Somali Magazine – Angola overly depends on crude oil, which represents 93 percent of its exports. Low productivity and meagre opportunities in other economic sectors have left a third of the population below the poverty line.
The country boasts a vast coastline, ample labour in the fisheries sector and good trading relations with major fish importers in Europe and Asia.
UNCTAD estimates that the ocean economy is worth between $3 trillion and $6 trillion and offers vast opportunities for developing countries to build resilience.
Angola is focusing on developing the fisheries and aquaculture sector as one of its priority sectors. Since 2017, UNCTAD has supported the country to modernize its economy through the EU-UNCTAD Joint Programme for Angola: Train for Trade II, with funding from the European Union.
As a part of this programme, UNCTAD and the Nha Trang University of Viet Nam (NTU) are training Angolan fisheries and aquaculture sector stakeholders in sustainable fisheries management and value addition for exports. The timing is opportune, as 2023 marks five years of partnership between UNCTAD and NTU.
UNCTAD’s director for Africa, LDCs and special programmes, Paul Akiwumi, “As a centre of excellence, Nha Trang University is uniquely positioned to share the lessons and good practices learned from the highly successful Vietnamese experience in fisheries and aquaculture sector development.”
He underscored how Viet Nam can serve as a model for other developing countries, including LDCs in Asia and Africa.
Angola’s blue economy potential
Prior to 2002, Angola’s fisheries industry was the country’s third most significant economic sector but has since fallen behind. With its vast coastline and productive and diversified marine ecosystem, Angola has abundant marine resources.
Total official fisheries production in Angola reached over 411,000 tons in 2021. In 2022, the sector contributed approximately 4.1% to the country’s GDP. The Angola national development plan forecasts a growing contribution of fisheries to GDP, reaching 4.5% in 2027.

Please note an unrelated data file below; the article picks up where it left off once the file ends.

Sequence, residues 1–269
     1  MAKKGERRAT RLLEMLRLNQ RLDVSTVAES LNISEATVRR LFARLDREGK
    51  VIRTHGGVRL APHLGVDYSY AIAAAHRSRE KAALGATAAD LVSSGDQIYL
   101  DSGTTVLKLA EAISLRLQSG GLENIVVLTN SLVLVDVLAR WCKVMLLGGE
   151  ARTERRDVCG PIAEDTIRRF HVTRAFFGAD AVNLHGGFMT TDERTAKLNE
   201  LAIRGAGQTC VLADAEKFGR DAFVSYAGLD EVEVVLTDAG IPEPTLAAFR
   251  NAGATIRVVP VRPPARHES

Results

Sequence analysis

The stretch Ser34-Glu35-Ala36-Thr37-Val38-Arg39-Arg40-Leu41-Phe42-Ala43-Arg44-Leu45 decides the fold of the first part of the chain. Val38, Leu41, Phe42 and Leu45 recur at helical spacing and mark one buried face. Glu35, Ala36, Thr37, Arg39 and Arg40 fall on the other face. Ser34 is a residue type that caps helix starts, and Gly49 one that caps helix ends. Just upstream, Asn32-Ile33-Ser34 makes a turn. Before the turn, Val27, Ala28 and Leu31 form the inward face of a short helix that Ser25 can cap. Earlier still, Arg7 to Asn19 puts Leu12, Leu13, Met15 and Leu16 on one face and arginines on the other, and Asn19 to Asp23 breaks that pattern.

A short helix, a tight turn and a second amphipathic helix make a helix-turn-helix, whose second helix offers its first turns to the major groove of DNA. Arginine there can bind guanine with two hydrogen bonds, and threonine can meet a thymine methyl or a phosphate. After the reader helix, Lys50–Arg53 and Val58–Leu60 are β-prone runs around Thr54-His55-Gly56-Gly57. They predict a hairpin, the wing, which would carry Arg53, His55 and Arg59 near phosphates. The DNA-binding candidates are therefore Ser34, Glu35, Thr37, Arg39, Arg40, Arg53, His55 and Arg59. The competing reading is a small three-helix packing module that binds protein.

The national plan for fisheries intends to foster entrepreneurial fishing activity and boost fish and salt production and processing. State investments totalling $300 million have been pledged over the next five years.
In Angola the industry directly employs around 150,000 people, while in coastal communities, approximately half of the population depends directly or indirectly on fisheries.
Beyond its extensive coastline and exclusive economic zone, Angola has several opportunities to develop the fisheries sector, including through encouraging fish processing and value addition, fostering regional and international collaboration, and building enhanced foreign trade networks.
However, lack of public investment and poor infrastructure, including the provision of electricity, transport and research laboratories undermine the crucial role of the sector for the socioeconomic development of Angola.
Highlighting the sector’s potential, Mr. Akiwumi said: “Angola must view its marine and freshwater resources as strategically important for economic diversification, job creation and poverty reduction, while maintaining a strong commitment to environmental sustainability.”